In Re Corango Resources, Ltd., Debtor.g.e. Grogan, Trustee of Corango Resources, Ltd., Plaintiff-appellee, v. Golden and Kunz, a Partnership; Robert H. Golden, P.c.;armand D. Kunz; Robert E. Cohenour, Defendants-appellants, 955 F.2d 44 (6th Cir. 1992)Annotate this Case
Feb. 13, 1992
Before SUHRHEINRICH and SILER, Circuit Judges, and BATTISTI, District Judge.*
This is an appeal from an order of the district court sitting as an appellate court in bankruptcy. The issues in this appeal are: (1) whether the real property located in Pentwater, Michigan (the Pentwater Property), was the property of Corango Resources, Ltd. (Corango), the debtor, in order to resolve the trustee's preference claim brought under § 547(b) of the Bankruptcy Code, 11 U.S.C. § 547(b); and (2) whether the $10,000 payment to the Golden & Kunz partnership was made for or on account of an antecedent debt. Both the district court and bankruptcy court ruled that the Pentwater Property belonged to Corango. In addition, both courts ruled that the $10,000 payment the Golden & Kunz partnership received from the sale of the Pentwater Property was in satisfaction of an antecedent debt. This case has been referred to a panel of the court pursuant to Rule 9(a), Rules of the Sixth Circuit. Upon examination, this panel unanimously agrees that oral argument is not needed. Fed. R. App. P. 34(a). Moreover, both parties have waived oral argument.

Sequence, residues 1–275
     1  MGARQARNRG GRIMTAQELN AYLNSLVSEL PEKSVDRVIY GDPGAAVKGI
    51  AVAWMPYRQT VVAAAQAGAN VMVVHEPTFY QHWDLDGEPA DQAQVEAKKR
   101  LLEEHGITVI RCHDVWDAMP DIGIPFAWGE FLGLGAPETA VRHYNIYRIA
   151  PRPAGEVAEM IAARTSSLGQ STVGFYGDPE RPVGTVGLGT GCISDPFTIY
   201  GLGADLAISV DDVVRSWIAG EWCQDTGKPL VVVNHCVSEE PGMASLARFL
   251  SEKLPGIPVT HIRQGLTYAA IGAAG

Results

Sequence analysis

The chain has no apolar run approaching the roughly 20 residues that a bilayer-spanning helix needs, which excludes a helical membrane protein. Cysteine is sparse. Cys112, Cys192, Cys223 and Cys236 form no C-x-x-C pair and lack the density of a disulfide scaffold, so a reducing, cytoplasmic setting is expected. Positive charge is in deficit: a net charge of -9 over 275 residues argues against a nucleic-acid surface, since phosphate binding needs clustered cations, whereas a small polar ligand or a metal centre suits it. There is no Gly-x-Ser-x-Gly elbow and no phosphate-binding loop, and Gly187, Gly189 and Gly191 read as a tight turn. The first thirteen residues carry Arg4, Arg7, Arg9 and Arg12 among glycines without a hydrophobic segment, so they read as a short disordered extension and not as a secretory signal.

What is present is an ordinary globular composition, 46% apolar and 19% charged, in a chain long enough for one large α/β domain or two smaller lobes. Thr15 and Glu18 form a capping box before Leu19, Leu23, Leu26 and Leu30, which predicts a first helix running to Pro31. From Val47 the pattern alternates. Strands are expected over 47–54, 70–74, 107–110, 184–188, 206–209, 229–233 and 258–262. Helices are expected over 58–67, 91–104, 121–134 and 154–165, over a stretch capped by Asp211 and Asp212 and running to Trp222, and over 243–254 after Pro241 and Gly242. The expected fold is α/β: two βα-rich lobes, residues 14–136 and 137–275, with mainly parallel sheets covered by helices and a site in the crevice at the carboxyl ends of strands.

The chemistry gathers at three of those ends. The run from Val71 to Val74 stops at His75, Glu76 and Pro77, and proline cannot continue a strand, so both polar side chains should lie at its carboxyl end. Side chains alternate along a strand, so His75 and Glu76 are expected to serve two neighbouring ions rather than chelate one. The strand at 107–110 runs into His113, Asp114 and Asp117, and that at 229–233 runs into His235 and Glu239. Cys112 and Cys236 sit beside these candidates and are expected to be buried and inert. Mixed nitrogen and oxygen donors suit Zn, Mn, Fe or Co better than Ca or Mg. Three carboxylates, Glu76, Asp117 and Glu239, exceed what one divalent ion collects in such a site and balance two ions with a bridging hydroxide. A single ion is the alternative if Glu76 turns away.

The findings of fact made by a bankruptcy court are accorded the same weight as the factual findings of a district court judge under Fed. R. Civ. P. 52. See Bankruptcy Rule 8013. Therefore, we may review the bankruptcy court's findings only under the clearly erroneous standard. A finding of fact is clearly erroneous when, although there is evidence to support it, the reviewing court on the entire evidence is left with the definite and firm conviction that a mistake has been committed. See United States v. United States Gypsum Co., 333 U.S. 364, 395 (1948); Godley v. Kentucky Resources Corp., 640 F.2d 831, 834 (6th Cir. 1981). Upon review of the evidence in this case, we find no reason to doubt the bankruptcy court's factual finding that the Pentwater property belonged to Corango for purposes of the trustee's preference claim brought under 11 U.S.C. § 547(b). We also find no reason to doubt the bankruptcy court's factual finding that the $10,000 payment the Golden & Kunz partnership received from the sale of the Pentwater property was in satisfaction of an antecedent debt.
Accordingly, we affirm the order of the district court pursuant to Rule 9(b) (3), Rules of the Sixth Circuit.
The Honorable Frank J. Battisti, U.S. District Judge for the Northern District of Ohio, sitting by designation